On the Friday before Memorial Day weekend, the Truck and Engine Manufacturers Association (EMA) and their member companies filed a lawsuit to delay lifesaving California clean truck regulations: the Heavy-Duty Omnibus (HDO) rule. .
The HDO rule significantly reduces air pollution from new diesel vehicles by reducing allowable nitrogen oxide (NOx) emissions from heavy-duty trucks by approximately 75% below current standards from 2024 and by 90% in 2027. NOx emissions are hazardous to public health in themselves and as precursors to ground-level ozone, or smog. In addition to cleaning up NOx, the HDO rule aims to institutionalize fine particulate (soot) pollution controls and prevent rollbacks. These reductions total $36 billion in California-wide health benefits from 3,900 premature deaths averted and 3,150 hospitalizations by 2050.
The lawsuit filed by the EMA alleges that the California Air Resources Board’s (CARB) adoption of the HDO rule violated a provision of the federal Clean Air Act (CAA) that requires a four years for the implementation of emissions standards on new trucks. , despite the fact that California has historically adopted standards for heavy-duty engines under its federal Clean Air Act waiver authority that have never been subject to the CAA’s four-year lag provision.
The lawsuit is part of a larger trend where the EMA is trying to oppose and delay critical clean truck emission standards. For example, the EMA vigorously fought the adoption of the Advanced Clean Trucks (ACT) rule in California and other states, which would reduce harmful air pollution by requiring manufacturers to sell increasing numbers of average zero-emission trucks. and heavy (MHD). vehicles (ZEV).
Due to the significant public health, environmental, and economic benefits of the HDO and ACT rules, six states have adopted the ACT rule, three have adopted the HDO rule, and more are in the process of doing so this year and the next.
Importantly, these rules target air pollution emissions that disproportionately harm frontline communities living in and around transportation infrastructure such as ports, warehouses and highways. And those communities are mostly low-income and color communities.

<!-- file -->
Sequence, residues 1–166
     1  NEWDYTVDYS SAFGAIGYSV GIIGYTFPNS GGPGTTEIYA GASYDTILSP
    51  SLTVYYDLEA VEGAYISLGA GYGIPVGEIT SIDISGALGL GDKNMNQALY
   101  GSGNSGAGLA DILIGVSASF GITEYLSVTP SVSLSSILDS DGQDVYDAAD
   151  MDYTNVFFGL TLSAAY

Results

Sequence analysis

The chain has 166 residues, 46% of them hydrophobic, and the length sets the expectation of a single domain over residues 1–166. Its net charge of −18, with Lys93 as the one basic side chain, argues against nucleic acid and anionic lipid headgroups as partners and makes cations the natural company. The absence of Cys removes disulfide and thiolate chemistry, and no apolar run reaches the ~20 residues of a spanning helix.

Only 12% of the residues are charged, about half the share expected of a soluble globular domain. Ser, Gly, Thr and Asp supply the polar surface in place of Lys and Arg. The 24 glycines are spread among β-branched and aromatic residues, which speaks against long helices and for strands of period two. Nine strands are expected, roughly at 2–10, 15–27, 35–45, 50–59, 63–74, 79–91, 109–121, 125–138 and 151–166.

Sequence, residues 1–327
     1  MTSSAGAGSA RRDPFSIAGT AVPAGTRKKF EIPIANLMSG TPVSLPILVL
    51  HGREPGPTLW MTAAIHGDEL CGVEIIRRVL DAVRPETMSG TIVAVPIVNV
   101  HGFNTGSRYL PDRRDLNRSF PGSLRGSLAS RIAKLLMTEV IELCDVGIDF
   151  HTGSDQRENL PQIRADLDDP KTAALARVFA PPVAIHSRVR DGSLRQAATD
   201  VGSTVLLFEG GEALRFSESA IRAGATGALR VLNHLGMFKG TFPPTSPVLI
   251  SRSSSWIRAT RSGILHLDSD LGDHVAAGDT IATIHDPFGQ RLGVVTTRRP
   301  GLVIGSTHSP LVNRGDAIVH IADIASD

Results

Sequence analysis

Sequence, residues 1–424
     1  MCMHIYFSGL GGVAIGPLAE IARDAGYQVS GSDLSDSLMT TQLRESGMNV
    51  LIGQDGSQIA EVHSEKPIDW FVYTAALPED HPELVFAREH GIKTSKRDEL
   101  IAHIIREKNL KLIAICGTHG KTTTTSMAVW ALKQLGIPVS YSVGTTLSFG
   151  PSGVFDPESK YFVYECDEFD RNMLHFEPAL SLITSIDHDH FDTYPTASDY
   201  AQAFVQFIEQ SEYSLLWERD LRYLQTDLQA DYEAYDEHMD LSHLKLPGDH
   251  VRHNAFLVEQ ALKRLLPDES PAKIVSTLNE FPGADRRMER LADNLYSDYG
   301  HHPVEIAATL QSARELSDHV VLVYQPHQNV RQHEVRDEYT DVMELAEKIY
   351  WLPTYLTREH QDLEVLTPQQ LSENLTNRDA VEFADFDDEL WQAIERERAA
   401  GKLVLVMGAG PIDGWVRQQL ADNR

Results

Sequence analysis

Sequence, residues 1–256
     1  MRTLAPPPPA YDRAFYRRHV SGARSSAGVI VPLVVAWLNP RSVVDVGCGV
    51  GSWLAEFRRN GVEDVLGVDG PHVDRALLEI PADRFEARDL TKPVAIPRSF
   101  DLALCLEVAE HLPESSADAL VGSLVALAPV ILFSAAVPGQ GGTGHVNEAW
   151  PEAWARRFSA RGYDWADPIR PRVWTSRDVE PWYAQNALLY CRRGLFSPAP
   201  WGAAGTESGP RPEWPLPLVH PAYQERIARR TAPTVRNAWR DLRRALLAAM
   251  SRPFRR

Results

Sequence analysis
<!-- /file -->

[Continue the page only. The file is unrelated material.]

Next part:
Hypocrisy or ignorance? Neither is an excuse.
The EMA lawsuit is a direct attack on our communities, our lungs and the environment. It’s also a new low for the EMA, a trade association made up of vehicle and engine manufacturers who have made public statements about their desire to clean up pollution from vehicles. A full list can be found here, but some highlights of the most influential members are below.
“We are investing in a range of solutions to lead the industry on the path to a zero-emissions future. We are taking action today to turn our 2050 goals into real-world products and applications. — Tom Linebarger, President and CEO, Cummins Inc.
“We are now focused on bringing revolutionary electric vehicles to the many, not the few. It’s about creating good jobs that support American families, a super-efficient, carbon-neutral manufacturing system, and a growing business that delivers value to communities, dealers and shareholders. — Jim Farley, President and CEO, Ford Motor Company
“Stellantis will be the industry champion in climate change mitigation, becoming net zero carbon by 2038, with a 50% reduction by 2030. Playing a leadership role in decarbonization, as well as a decisive step forward in the circular economy, is our contribution to a sustainable future. — Carlos Tavares, CEO, Stellantis
“Volvo Trucks is committed to leading the commercial transport industry towards more sustainable solutions by advancing electromobility. We will continue to invest and drive the development of this technology, both globally and right here in North America. — Peter Voorhoeve, President, Volvo Trucks North America
Do they know that the EMA is fighting on their behalf to undermine the future they claim to seek? If so, they should be ashamed. If not, these companies should get the EMA to drop the lawsuit.
A self-destructive lawsuit that will harm manufacturers.
The lawsuit is also doomed if truck engine makers are serious about cleaning up, because adopting these fundamental emission standards unlocks additional policies and resources to help manufacturers transition to fuel-efficient vehicles. zero emissions.
In addition to the millions of public dollars that California allocates to help manufacturers sell their vehicles, the California Air Resources Board (CARB) – the agency EMA is currently suing – is developing a new standard called the Advanced Clean Fleets (ACF) rule that would require some fleets to purchase an increasing number of ZEVs. The ACF rule is demand-side regulation that directly benefits manufacturers’ bottom lines. Additionally, in other states that have adopted the rules, such as New Jersey, having a clear regulatory timeline unlocks additional charging infrastructure for medium and heavy vehicles that will directly help manufacturers sell their products.
States should continue to push for maximum reductions in transport pollution.
This lawsuit is proof that, regardless of public statements, truck manufacturers will never clean house unless compelled to by vehicle emission standards. For states that want to eliminate pollution from trucks to protect public health and the environment, adopting the ACT and HDO rules remains the best way to accomplish this.
Originally posted on NRDC. By Patricio Portillo
Featured photo by Markus Spiske, via pexels.com (free to use)
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